Home Ethics Gender Issues Gender Marking in the Sports World

Gender Marking in the Sports World

Gender Marking in the Sports World
Courtesy photo

By Holly Pak and Marjorie Sanders |

Women are perceived as having little interest or involvement in sports—whether as experts, coaches, athletes, or as fans. Yet this perception does not represent the reality of sport; it only represents and demonstrates the gender bias and gender marking that continues to sideline the visibility of women in sport. Gender marking in this context is the practice of promoting men’s sports as the standard and women’s sports as inferior to the male sports world. Consider the media coverage of women who take on sport officiating positions: there is significant focus on those women’s personal lives, whereas male officiants do not face such intrusive reporting. Women are also not credited as being as authoritative or considered experts in a sports role, regardless of their demonstrated experience, education, and/or expertise. This type of biased language and representation is harmful to women and girls who are interested in sport, particularly as a career field. Imagine being a female student studying sports management; if all the course content uses exclusively male-centered language, imagery, and references to relay the concepts of the profession, that female student will likely feel as if there is no space for her even in her own program of study. 

Gender marking in sport is also evident in the way that athletes and their events are identified. Men’s events, leagues, and tournaments are the default and are frequently free from gendered language, whereas women’s events, leagues, and tournaments are identified as such. For example, the Professional Golfers’ Association (PGA) is the default league for golf and is exclusive to men, yet the title of the league does not denote any gender; the Ladies’ Professional Golf Association (LPGA), on the other hand, uses gender-specific language to identify the association. And, as if gendering the title of one league was not bad enough, it uses outdated language (Ladies’, instead of Women’s) at that.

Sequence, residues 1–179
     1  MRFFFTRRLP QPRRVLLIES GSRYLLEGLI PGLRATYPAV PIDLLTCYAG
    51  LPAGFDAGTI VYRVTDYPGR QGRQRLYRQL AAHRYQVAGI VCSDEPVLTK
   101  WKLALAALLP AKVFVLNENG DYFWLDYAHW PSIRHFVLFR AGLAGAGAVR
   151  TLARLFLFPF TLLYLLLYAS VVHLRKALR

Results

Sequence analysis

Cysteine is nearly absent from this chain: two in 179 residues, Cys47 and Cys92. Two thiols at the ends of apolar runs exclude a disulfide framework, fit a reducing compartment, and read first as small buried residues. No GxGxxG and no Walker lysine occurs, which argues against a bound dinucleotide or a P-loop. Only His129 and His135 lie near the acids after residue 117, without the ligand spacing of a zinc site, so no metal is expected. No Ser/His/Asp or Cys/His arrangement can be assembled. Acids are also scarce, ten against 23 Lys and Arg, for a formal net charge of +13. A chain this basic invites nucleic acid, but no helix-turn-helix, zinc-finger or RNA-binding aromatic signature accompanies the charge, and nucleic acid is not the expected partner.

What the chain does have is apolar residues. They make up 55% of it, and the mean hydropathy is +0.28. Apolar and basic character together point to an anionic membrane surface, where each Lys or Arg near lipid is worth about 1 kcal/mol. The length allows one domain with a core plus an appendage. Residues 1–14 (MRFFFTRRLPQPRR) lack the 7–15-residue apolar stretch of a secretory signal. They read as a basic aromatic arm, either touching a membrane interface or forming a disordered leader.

While achieving true equity in representation for women in sport will require an ongoing and widespread effort, there are steps that we can take now to aid in those efforts: Using equitable language in reporting, commentary, and coverage of sport; using neutral and equitable language in education, including course content and discussions; and using accurate titles for men and women as professionals.  

Holly Pak is an instructional designer, human geographer, Taekwondo instructor, ESL teacher, and avid drummer. She has owned and taught in a Taekwondo Academy and currently serves as an Academy instructional designer, as well as a faculty member teaching Philosophy of Kung-Fu. Holly also serves as a faculty member at the University of South Alabama. Her research interests include motivation of higher education, contemporary immigration patterns, and Agile instructional design. 

Holly Pak, M.S, M.Ed., Ph.D(c) / hpark@ussa.edu 

Marjorie Sanders is the Academic Resource Coordinator at the United States Sports Academy, where she also serves as a faculty member. She is a creative writer whose work has appeared in multiple anthologies and literary journals; her first chapbook will be released in 2022 from Finishing Line Press. Marjorie’s research interests include the representation of women in literature, and higher education accessibility, policy, and leadership. 

Marjorie Sanders, M.A. / msanders@ussa.edu 


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